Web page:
'I Didn't Lie,' Trump Asserts About Seriousness of Coronavirus
By Steve Herman September 10, 2020
"I didn't lie," U.S. President Donald Trump bluntly responded at a White House news conference Thursday after a reporter asked him, "Why did you lie to the American people?"
The question from ABC News White House correspondent Jon Karl came in the wake of audio released by journalist and author Bob Woodward, to whom Trump acknowledged early this year he wanted to play down the threat from the coronavirus.
"I don't want to jump up and down screaming, 'Death. Death,'" Trump replied on Thursday to justify intentionally misleading the country about the severity of COVID-19.
He called Karl's question disrespectful and took queries from only two other reporters before abruptly departing the briefing room.
The president also sought to calm the uproar about revelations from the 18 interviews he gave to Woodward, which appeared in Woodward's new book, Rage.
Trump said if Woodward thought his comments on the coronavirus were so bad, "he should have immediately gone out publicly," instead of waiting many months to release the tapes.
"I wanted to always play it down," Trump is heard saying on the recording about the coronavirus, taped on March 19.
The next day, in response to a White House reporter's question during a live news conference, Trump denied that his minimizing of the risk was giving Americans a false sense of security.
Fewer lives would have been lost, according to Democratic Party politicians and many public health officials, if the president had emphasized early on the seriousness of the coronavirus. Trump repeatedly claimed early in the year that the coronavirus was no worse than influenza, would soon go away and that the federal government had the situation under control.
Trump is engaged "in reckless disregard of the lives and health and well-being" of the American people, Sen. Kamala Harris, Democratic vice presidential candidate, said Thursday at an event in Florida. "I find it so outrageous."
COVID-19, the disease caused by the coronavirus for which vaccines are currently under development, has killed 191,567 people in the United States, according to Johns Hopkins University's Coronavirus Resource Center – the largest number reported by any country. Nearly 6.4 million infections of the 28 million worldwide are in the United States.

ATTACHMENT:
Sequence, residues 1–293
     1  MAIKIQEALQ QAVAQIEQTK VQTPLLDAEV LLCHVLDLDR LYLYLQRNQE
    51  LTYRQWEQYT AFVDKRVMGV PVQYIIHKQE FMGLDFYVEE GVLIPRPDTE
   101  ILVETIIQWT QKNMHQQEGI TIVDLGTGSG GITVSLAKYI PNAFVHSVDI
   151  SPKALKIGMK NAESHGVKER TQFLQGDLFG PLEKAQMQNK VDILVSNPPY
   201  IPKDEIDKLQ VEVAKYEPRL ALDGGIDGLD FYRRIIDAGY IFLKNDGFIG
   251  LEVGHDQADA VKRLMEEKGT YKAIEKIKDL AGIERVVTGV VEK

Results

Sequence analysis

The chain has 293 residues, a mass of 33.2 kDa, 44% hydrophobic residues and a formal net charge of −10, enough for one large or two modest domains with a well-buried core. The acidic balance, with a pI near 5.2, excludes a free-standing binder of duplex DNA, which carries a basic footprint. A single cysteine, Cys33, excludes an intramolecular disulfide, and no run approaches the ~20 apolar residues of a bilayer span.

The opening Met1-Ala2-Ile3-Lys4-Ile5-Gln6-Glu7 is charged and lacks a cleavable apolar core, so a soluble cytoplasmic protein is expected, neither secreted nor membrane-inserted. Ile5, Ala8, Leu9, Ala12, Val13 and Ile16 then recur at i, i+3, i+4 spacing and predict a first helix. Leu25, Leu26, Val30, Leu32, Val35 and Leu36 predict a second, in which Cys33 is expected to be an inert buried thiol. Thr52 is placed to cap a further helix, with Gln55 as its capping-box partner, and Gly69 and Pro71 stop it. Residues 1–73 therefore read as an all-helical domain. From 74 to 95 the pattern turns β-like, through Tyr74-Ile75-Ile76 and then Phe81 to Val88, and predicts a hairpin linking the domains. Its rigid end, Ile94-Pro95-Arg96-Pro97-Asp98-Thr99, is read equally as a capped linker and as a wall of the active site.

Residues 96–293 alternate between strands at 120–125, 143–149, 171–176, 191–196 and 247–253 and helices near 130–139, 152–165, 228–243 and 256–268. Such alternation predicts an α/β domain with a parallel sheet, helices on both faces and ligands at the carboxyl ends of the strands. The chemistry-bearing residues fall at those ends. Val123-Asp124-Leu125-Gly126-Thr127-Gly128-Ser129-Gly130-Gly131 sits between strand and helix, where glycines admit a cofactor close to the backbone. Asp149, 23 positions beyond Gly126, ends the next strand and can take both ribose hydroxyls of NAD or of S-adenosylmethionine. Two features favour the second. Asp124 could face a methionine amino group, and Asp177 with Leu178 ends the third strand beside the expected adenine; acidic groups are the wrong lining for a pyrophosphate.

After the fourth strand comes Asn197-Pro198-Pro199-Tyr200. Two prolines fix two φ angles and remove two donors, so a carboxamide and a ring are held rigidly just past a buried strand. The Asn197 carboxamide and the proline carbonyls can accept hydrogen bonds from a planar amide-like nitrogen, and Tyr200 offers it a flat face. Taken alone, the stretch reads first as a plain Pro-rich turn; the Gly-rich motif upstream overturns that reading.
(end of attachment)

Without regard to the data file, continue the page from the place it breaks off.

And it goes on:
According to Woodward's book, as the virus started to sweep from China throughout the world, national security adviser Robert O'Brien told Trump in a January 28 White House meeting, "This will be the biggest national security threat you face in your presidency. This is going to be the roughest thing you face."
Woodward, a Washington Post associate editor, said deputy national security adviser Matthew Pottinger agreed with O'Brien's assessment.
Yet Trump publicly minimized the threat. Ten days after the White House meeting, he called Woodward and said he thought the situation was far more frightful.
"You just breathe the air, and that's how it's passed," Trump said in a February 7 call. "And so, that's a very tricky one. That's a very delicate one. It's also more deadly than even your strenuous flu."
"This is deadly stuff," the president repeated for emphasis.
The revelations come less than eight weeks before the November 3 presidential election between Trump and his Democratic challenger, former Vice President Joe Biden.
Biden, on a campaign trip to the Midwestern political battleground state of Michigan on Wednesday, assailed Trump's performance in dealing with the coronavirus.
"He knowingly and willingly lied to the American public about the threat posed to the country for months. ... He failed to do his job on purpose," Biden said. "It's beyond despicable."
Trump is scheduled to make a campaign speech in Michigan later Thursday.
Political management professor Todd Belt at The George Washington University said revelations from the book about Trump's response to the coronavirus could provide political ammunition for both Republicans and Democrats.
"Of course, the Republicans will say, 'Look, he was providing leadership. He didn't want people to panic,'" Belt told VOA. "Whereas the Democrats will say, 'Look, this was a poor decision, and it made the problem worse.' So, I think people will probably interpret this part through the same partisan lenses."
Woodward is best known in American journalism for joining Post reporter Carl Bernstein in uncovering the Watergate political corruption scandal in the 1970s that led to President Richard Nixon's resignation.
The new Woodward book tracks the Trump administration's missteps in dealing with the pandemic and touches on numerous other controversies during Trump's nearly four years as president.
"Trump never did seem willing to fully mobilize the federal government and continually seemed to push problems off on the states" to deal with the pandemic, Woodward wrote. "There was no real management theory of the case or how to organize a massive enterprise to deal with one of the most complex emergencies the United States had ever faced."
Woodward said infectious disease expert Dr. Anthony Fauci, often the administration's public face answering questions about the COVID-19 disease, at one point told others that Trump "is on a separate channel" and unfocused in meetings, with "rudderless" leadership.
Ken Bredemeier and Patsy Widakuswara contributed to this report.
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